The natural textures and patterns in the cliff rock strata near Coppet Hall at Saundersfoot, South Pembrokeshire, Wales, really caught my eye on a first visit to the location. The stratigraphy is intriguing and complicated – and I have yet to work out exactly what I am looking at. I need a detailed geological map of the area and access to published papers for that. However, I think it fairly safe to say that they belong to the Upper Carboniferous Period, probably the Namurian, also known as the Lower Coal Measures, comprised of sandstone and mudstone layers, with coal seams and layers of iron nodules. I’ll check it all out when I can. High quality anthracite coal was open-cast mined not far away, and there used to be a local iron smelting industry.
My key guide to the geology of Gower and South Wales (George 2008) only describes in detail the geology of the stretch of beach immediately north of this place, and immediately south of it, leaving me a bit stumped as to an explanation for its peculiarities. I am definitely going back to this coastline to spend some quality time exploring the intricacies of its geological history, and photographing some of its marvellous natural abstract compositions.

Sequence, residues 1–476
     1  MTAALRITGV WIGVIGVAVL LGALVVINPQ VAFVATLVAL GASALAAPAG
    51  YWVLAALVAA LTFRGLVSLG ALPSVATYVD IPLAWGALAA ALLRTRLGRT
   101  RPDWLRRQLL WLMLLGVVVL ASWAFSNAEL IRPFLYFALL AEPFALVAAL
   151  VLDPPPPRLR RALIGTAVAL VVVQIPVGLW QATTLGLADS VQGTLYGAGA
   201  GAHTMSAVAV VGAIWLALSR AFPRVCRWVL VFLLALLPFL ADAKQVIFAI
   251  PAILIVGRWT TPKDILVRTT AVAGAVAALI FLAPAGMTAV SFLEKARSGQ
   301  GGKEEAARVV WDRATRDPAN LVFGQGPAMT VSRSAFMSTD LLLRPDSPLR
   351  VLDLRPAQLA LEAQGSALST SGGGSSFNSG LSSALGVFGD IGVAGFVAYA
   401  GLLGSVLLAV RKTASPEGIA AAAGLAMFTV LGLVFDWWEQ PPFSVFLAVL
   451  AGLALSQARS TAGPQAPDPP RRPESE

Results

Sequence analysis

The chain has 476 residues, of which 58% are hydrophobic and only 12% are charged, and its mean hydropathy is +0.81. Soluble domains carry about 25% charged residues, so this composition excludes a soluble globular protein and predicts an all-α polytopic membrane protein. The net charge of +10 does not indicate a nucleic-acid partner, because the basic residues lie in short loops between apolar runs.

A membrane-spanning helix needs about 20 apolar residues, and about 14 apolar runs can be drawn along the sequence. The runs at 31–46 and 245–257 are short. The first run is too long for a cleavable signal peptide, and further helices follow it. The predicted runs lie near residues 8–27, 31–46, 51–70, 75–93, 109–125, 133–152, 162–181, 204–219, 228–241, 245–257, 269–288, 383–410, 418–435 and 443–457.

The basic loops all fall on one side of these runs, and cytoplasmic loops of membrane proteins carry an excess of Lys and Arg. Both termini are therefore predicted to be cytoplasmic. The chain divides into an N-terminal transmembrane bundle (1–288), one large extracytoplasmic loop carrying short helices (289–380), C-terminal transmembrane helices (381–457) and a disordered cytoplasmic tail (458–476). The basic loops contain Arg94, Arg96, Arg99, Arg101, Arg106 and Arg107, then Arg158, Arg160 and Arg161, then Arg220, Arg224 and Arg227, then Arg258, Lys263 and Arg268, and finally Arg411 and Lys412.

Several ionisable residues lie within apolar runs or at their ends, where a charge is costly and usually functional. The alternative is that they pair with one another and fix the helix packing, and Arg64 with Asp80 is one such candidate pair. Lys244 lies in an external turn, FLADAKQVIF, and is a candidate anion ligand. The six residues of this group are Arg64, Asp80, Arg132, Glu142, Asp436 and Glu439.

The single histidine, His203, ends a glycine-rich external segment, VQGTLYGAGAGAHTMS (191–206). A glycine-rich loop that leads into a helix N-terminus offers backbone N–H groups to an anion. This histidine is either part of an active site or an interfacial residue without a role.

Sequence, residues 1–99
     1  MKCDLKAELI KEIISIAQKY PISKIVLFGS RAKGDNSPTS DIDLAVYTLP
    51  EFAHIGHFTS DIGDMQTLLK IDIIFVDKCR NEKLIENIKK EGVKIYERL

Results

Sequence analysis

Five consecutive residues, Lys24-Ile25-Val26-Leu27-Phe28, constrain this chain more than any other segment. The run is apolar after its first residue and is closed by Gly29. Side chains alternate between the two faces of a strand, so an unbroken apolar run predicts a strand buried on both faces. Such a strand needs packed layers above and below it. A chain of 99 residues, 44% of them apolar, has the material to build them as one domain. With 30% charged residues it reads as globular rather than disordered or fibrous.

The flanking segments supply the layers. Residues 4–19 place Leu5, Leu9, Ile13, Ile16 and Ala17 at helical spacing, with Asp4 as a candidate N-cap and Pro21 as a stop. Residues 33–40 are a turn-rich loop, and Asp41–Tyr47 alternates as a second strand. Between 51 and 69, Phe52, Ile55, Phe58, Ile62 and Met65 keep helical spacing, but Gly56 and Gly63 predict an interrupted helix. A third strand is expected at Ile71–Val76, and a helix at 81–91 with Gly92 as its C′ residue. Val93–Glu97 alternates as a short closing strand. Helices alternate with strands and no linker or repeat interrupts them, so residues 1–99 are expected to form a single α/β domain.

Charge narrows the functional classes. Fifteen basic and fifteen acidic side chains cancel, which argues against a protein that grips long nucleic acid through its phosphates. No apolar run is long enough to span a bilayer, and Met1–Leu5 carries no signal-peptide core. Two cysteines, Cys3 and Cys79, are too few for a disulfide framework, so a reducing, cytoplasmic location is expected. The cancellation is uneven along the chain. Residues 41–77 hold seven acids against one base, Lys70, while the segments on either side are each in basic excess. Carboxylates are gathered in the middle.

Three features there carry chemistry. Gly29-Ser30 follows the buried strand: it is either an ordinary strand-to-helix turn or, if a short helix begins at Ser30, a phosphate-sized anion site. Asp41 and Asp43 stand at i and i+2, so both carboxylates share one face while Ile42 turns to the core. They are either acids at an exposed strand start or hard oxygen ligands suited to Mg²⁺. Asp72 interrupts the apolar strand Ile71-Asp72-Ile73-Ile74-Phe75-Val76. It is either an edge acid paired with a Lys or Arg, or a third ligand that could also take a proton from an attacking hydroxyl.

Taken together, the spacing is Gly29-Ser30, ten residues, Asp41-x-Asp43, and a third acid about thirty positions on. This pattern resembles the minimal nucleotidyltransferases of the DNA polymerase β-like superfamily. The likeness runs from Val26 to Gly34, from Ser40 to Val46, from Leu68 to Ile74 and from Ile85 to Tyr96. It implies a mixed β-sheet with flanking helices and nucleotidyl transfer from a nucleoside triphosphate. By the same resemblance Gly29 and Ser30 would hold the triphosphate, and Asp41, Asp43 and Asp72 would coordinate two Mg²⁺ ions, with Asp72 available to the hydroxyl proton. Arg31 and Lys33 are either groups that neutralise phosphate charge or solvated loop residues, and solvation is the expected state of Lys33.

George, G. T. 2008, The Geology of South Wales: A Field Guide, email@example.com, 978-0-9559371-0-1.